Observing Changes in Natural Phenomena Over Time

Instructor: David Wood

David has taught Honors Physics, AP Physics, IB Physics and general science courses. He has a Masters in Education, and a Bachelors in Physics.

Science is all about observing changes - even when they are difficult to observe. Learn about how scientists observe changes in natural phenomena over time. Test your knowledge after the lesson with a quiz.

Observation in Science

Science is all about observing the natural world. By looking at the world and making measurements, we can better understand how it works. Science is a methodical process by which nature is examined, primarily through the collection of data concerning natural phenomena and experimentation. Often that involves observing the effect of something we do. If you mix sugar with water, what will happen? If you throw a ball at a wall, how will it bounce?

However, some observation in science requires us to look at something over a longer period of time. Maybe we want to know how far the water reaches at the beach at different times of year. Or maybe we want to know the average temperature of an area over a ten-year period. In every discipline of science it's important to study natural phenomena over time.

Observing Changes Over Time

Perhaps one of the most relevant examples of observing changes over time is the study of climate. A region's climate is its average weather conditions over an extended time period. The earth is currently facing changes in climate that are more rapid than any known in recorded history. Scientists believe that humans are causing these changes by releasing greenhouse gases (especially carbon dioxide) into the atmosphere. However, the only way we can know any of this is by making observations over time. Climate scientists have observed temperature, rainfall patterns, extreme weather and many others factors over the last few hundred years. They've measured the carbon dioxide in the atmosphere and discovered that it has increased over time.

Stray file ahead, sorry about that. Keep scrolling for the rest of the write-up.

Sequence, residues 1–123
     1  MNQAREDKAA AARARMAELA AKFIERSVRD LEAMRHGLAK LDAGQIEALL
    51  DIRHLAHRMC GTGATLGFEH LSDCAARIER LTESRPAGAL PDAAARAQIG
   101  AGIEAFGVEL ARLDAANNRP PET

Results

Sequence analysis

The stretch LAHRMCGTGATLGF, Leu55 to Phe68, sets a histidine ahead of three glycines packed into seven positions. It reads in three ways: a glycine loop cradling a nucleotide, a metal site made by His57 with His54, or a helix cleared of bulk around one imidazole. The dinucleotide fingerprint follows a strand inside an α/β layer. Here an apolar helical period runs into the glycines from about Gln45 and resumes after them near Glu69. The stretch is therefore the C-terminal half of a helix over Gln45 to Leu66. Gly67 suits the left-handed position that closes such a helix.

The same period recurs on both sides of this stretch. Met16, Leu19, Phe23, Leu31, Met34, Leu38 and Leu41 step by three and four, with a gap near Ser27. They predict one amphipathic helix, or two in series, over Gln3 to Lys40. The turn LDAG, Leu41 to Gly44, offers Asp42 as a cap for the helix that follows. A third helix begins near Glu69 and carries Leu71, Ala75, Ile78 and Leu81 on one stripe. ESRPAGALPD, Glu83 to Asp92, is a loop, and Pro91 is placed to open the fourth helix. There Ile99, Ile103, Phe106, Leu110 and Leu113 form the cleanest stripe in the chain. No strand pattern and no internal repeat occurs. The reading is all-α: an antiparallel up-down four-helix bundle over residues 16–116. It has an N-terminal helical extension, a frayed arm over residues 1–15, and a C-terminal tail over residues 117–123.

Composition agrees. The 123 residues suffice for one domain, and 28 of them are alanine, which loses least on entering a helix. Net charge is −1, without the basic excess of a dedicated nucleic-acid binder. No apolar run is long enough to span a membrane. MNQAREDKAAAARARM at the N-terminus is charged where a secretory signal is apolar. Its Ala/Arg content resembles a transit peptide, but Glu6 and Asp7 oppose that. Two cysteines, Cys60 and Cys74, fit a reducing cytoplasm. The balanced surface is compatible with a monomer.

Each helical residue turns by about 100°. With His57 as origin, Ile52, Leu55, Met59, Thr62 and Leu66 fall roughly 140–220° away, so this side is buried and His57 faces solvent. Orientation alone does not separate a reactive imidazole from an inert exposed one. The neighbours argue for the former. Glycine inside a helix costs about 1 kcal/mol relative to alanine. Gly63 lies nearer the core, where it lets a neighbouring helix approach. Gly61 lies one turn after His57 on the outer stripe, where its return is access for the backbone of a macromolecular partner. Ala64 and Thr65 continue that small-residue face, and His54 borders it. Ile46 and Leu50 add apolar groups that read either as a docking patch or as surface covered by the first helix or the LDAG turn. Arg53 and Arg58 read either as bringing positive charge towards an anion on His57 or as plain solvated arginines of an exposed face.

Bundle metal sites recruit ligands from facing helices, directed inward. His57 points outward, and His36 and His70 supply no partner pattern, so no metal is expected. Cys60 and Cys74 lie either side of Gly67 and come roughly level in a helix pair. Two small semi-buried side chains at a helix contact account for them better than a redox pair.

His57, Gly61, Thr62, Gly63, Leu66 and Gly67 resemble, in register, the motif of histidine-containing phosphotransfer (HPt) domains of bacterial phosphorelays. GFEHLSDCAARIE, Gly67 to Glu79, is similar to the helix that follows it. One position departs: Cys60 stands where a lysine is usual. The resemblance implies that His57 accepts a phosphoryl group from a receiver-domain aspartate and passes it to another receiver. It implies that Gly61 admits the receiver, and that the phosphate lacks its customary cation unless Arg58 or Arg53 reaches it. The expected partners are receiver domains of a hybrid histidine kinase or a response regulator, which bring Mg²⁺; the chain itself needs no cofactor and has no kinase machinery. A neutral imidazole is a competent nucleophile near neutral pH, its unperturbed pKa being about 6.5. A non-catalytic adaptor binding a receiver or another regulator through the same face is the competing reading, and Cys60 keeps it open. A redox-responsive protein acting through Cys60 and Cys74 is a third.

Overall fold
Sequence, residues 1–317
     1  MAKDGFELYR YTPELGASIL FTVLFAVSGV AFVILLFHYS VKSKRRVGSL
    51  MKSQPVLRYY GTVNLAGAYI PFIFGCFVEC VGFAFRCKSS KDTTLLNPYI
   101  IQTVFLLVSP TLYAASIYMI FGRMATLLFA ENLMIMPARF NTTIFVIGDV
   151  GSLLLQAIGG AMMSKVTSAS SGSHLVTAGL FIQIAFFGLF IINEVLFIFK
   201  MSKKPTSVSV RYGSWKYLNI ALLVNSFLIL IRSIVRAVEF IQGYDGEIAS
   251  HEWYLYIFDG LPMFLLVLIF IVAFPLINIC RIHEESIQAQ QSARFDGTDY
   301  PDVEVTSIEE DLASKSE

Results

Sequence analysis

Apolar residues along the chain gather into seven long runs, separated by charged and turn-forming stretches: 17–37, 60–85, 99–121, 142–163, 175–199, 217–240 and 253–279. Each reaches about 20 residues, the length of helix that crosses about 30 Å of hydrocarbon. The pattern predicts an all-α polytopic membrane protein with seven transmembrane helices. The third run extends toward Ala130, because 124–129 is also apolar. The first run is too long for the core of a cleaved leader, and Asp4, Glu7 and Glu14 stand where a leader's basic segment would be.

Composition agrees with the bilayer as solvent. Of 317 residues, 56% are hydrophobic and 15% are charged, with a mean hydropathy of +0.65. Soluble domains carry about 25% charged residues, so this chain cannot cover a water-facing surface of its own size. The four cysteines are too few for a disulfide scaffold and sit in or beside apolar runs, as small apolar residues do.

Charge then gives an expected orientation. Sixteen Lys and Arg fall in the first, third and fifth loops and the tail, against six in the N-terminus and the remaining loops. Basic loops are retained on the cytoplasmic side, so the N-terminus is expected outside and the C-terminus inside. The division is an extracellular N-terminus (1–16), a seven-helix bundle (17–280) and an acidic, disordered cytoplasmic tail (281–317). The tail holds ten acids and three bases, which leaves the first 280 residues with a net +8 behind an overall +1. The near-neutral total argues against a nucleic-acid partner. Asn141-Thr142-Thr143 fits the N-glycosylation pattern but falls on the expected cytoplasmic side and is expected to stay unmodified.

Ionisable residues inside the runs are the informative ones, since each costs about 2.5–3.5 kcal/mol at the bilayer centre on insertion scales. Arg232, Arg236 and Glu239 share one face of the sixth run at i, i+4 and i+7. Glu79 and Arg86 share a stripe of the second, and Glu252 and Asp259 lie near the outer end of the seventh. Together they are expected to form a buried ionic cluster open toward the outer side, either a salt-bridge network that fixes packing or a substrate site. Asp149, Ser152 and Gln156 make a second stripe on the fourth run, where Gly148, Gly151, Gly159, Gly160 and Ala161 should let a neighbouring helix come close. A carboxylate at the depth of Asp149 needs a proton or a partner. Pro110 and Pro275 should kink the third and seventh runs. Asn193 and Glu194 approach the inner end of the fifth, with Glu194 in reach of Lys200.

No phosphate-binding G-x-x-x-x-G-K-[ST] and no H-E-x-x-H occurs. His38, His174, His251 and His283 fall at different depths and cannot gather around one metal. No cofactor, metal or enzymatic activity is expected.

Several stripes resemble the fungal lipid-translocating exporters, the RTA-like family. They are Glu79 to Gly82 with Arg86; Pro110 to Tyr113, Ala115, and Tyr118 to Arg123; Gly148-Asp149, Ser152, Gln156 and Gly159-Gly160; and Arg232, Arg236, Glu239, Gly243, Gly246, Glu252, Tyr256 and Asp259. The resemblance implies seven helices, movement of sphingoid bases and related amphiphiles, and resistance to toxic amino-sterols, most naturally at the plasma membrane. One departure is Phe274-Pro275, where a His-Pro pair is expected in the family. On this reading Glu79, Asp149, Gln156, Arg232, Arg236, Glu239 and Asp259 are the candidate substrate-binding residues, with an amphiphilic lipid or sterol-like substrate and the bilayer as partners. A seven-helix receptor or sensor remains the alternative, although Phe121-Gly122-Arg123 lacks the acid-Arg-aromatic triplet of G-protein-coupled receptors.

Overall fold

Climate change data
Climate change data

Another example of observation of natural phenomena over time is the way astronomers observe stars other than our sun. By carefully measuring the light the Earth receives from the star, scientists gain great insight. For example, they might learn that there are two stars orbiting around each other because the light varies in a particular pattern. These are called binary stars. Astronomers can even detect when planets pass between the Earth and the binary stars because of changes in the brightness of the stars' light.

Light from a binary star
Light from a binary star

Techniques for Measuring Historical Changes

However, what do scientists do when they want to observe natural phenomena over hundreds, thousands or even millions of years? If geologists want to look at the erosion of rocks along the beach over a long stretch of time, these kinds of observations can't be done directly. So how do scientists know so much about long-term changes in nature?

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